Firms falling short on international environment standard

2nd October 2014


Related Topics

Related tags

  • Business & Industry ,
  • Corporate governance ,
  • Certification ,
  • EMS ,
  • Management

Author

IEMA

Nine in 10 firms have an environmental management system (EMS) that is not fit for purpose, according to research published today.

Manufacturers’ organisation EEF surveyed over 650 companies across a range of sectors ahead of changes to the ISO14001, the international standard for EMSs that is due to come into effect in 2015.

It found that many firms are falling short of the current version of 14001, which was introduced in 2004. The new standard puts an increased emphasis on leadership and commitment.

However, 42% report that senior management have little or no involvement in their current EMS; and eight in 10 respondents believe they will not have sufficient top-level support to meet the new requirements, the poll found.

Less than half of those polled said that their company was investing appropriately in its environmental performance and competence, despite the fact that 41% of those who have 14001 certification regard it as a critical part of their business strategy.

Just one in 10 reported that their EMS takes into account the complete lifecycle of their product or service from raw material extraction, transport, manufacturing, retailing and end use.

Greg Roberts, EMS expert at EEF, said that many businesses and senior management teams treated their EMS as a box-ticking exercise and are not making the most of the opportunities it can drive.

“Companies are facing new and difficult issues, such as the scarcity of resource and material supply, climate change and stakeholders who want more, demand more and know more,” he said.

“Implementing a well-designed, fully thought-through and completely integrated EMS can help firms tackle these issues, while grasping the very many opportunities that are there for the taking too.”

EEF has a free online gap analysis tool for companies to assess their EMS, available here.

In September, IEMA launched a course to prepare practitioners for the changes to the standard.


Transform articles

Agency prosecution brings largest fine for a water company

The Environment Agency has successfully prosecuted Southern Water for thousands of illegal raw sewage discharges that polluted rivers and coastal waters in Kent, resulting in a record £90m fine.

23rd September 2021

Read more

In Elliott-Smith v Secretary of State for Business, Energy and Industrial Strategy, the claimant applied for judicial review of the legality of the defendants’ joint decision to create the UK Emissions Trading Scheme (UK ETS) as a substitute for UK participation in the EU Emissions Trading Scheme (EU ETS).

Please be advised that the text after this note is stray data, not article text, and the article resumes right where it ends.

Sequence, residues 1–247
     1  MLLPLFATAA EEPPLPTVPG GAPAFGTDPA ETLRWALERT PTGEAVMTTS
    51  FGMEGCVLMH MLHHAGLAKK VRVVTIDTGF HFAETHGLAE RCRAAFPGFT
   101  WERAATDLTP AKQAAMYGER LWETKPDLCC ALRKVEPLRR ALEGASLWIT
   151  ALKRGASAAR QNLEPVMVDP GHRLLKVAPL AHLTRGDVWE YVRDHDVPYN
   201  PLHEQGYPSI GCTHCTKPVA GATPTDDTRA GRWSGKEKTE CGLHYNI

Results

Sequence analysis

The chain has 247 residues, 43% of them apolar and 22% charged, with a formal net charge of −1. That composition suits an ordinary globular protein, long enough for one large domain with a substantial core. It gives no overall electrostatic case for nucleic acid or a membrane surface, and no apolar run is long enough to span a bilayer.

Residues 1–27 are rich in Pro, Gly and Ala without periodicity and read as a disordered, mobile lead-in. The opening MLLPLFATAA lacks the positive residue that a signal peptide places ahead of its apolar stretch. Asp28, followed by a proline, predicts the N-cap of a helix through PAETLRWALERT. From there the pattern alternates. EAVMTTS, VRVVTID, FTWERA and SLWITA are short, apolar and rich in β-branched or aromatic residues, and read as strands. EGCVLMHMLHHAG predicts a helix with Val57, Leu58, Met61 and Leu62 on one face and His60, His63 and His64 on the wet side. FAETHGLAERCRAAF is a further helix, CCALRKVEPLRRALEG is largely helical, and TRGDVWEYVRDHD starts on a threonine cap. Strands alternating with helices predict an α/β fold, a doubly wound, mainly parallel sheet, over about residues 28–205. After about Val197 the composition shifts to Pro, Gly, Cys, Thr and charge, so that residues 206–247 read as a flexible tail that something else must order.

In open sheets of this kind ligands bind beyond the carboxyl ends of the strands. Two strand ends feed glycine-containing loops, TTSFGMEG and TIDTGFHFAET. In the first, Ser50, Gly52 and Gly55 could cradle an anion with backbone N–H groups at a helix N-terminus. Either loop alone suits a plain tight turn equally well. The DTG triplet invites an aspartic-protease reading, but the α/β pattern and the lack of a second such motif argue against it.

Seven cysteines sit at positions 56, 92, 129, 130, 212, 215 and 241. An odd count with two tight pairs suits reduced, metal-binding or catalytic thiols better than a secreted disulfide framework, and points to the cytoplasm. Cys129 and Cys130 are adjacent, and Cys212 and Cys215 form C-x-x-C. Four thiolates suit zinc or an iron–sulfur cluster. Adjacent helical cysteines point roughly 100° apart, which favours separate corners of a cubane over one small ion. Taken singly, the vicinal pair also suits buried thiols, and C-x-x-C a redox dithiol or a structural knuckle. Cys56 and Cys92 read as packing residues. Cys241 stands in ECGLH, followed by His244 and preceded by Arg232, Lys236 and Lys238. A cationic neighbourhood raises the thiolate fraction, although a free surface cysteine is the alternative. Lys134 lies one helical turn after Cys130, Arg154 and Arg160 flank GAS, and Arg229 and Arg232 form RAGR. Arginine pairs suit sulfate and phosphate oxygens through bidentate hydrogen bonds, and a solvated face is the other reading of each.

30th July 2021

Read more

Thames Water has been fined £4m after untreated sewage escaped from sewers below London into a park and a river.

30th July 2021

Read more

None of England’s water and sewerage companies achieved all environmental expectations for the period 2015 to 2020, the Environment Agency has revealed. These targets included the reduction of total pollution incidents by at least one-third compared with 2012, and for incident self-reporting to be at least 75%.

30th July 2021

Read more

Global greenhouse gas emissions from agriculture are projected to increase by 4% over the next 10 years, despite the carbon intensity of production declining. That is according to a new report from the UN food agency and the Organisation for Economic Co-operation and Development (OECD), which forecasts that 80% of the increase will come from livestock.

30th July 2021

Read more

Half of consumers worldwide now consider the sustainability of food and drink itself, not just its packaging, when buying, a survey of 14,000 shoppers across 18 countries has discovered. This suggests that their understanding of sustainability is evolving to include wellbeing and nutrition, with sustainable packaging now considered standard.

30th July 2021

Read more

Billions of people worldwide have been unable to access safe drinking water and sanitation in their homes during the COVID-19 pandemic, according to a progress report from the World Health Organisation focusing on the UN’s sixth Sustainable Development Goal (SDG 6) – to “ensure availability and sustainable management of water and sanitation for all by 2030”.

30th July 2021

Read more

New jobs that help drive the UK towards net-zero emissions are set to offer salaries that are almost one-third higher than those in carbon-intensive industries, research suggests.

5th July 2021

Read more

IEMA has today urged the UK government to focus on developing green skills and expertise across business, industry and civil society following the publication of an alarming report from the Climate Change Committee (CCC).

16th June 2021

Read more

Media enquires

Looking for an expert to speak at an event or comment on an item in the news?

Find an expert